Fed Minutes: Moving in the direction of restrictive

The minutes of the Federal Reserve interest-rate meeting held on 26th September, published yesterday evening, reveal that the Fed’s top echelons have had an animated debate about whether to respond to solid growth momentum by raising key rates temporarily above the neutral fed funds rate. A number of FOMC members turn out to be advocating a temporary shift to a restrictive monetary-policy stance. Some of the other monetary custodians opposed such a move, arguing that the economy was not showing any signs of overheating and that a clear upward shift in inflation rates was not to be detected. Regardless of the monetary-policy target level at which the Fed will ultimately take aim, members of the Fed’s top policymaking committee agreed that further moderate key-rate hikes were called for in the coming months. Furthermore, the transcript offers a more precise explanation of why the sentence indicating that “the stance of monetary policy remains accommodative“ is being removed from the FOMC statement long before the target range for the federal funds rate gets up close to a neutral policy rate. Delaying this decision would have left market participants being lulled into a false sense of security that the Fed knew exactly when its monetary-policy stance was no longer accommodative.

The markets continue to be more cautious than the monetary authorities 

All things considered, the latest Fed minutes have to be classified as hawkish. Fed funds futures currently imply that market participants have not, as yet, been expecting key rates to be hiked into the restrictive range, instead anticipating that the current rate-hiking cycle will come to an end in the vicinity of 2.90%. The new set of minutes calls such expectations into question. At the same time, the new minutes have given rise to apprehensions among some market participants that the Fed could act too aggressively and therefore put a brake on cyclical momentum or even provoke a recession – a risk scenario which is presumably going to move the markets on more than one occasion.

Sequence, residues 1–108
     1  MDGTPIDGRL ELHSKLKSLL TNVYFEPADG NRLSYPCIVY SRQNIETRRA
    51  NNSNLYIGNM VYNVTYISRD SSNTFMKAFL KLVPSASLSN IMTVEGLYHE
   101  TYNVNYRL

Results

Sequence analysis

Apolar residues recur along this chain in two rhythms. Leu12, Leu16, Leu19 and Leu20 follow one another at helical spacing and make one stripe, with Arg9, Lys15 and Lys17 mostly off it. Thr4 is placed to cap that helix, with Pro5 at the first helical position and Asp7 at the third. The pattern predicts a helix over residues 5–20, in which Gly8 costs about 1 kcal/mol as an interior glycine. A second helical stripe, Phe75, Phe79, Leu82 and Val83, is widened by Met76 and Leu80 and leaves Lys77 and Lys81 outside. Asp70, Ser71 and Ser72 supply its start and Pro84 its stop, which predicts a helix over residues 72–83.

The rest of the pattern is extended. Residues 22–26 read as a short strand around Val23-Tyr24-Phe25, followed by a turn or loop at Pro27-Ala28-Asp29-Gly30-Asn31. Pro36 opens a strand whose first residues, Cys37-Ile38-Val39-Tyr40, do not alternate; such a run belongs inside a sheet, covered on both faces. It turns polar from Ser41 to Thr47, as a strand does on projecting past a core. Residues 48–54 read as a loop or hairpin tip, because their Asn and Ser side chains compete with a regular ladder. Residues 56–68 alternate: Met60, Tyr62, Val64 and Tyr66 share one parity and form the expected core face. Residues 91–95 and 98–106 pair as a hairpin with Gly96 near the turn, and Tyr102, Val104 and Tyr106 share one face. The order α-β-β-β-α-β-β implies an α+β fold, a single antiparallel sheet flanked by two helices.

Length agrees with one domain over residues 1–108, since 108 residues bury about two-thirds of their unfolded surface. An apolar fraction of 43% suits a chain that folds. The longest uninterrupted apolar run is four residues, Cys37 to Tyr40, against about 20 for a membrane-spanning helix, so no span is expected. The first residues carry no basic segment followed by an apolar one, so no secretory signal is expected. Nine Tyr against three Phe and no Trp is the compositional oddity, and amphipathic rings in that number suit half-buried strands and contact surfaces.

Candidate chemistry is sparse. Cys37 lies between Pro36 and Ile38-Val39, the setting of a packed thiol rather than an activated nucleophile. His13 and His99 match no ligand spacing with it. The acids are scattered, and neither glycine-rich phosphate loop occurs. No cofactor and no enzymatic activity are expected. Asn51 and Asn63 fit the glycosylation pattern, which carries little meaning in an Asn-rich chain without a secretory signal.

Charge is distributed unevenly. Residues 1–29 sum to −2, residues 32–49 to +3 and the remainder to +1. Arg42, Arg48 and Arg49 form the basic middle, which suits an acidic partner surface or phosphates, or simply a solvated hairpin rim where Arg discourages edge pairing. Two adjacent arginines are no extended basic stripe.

The economy’s solid growth momentum suggests that further rate hikes are in the offing

It is not just that the economy is currently on a very favourable path in the United States; inflation rates are also close to the Fed’s target while the unemployment rate has moved down to the lowest level since 1969. In consequence, the cyclical development unambiguously suggests that ongoing tightening of the monetary reins is called for. We see the fed funds target rate standing at 3.25% towards the end of next year, and think that the rate-hiking cycle will come to an end at 3.50% at the beginning of 2020. In our assessment, such a key-rate level would not, by any means, mean that the Fed was hitting the monetary brakes hard to the detriment of economic momentum.

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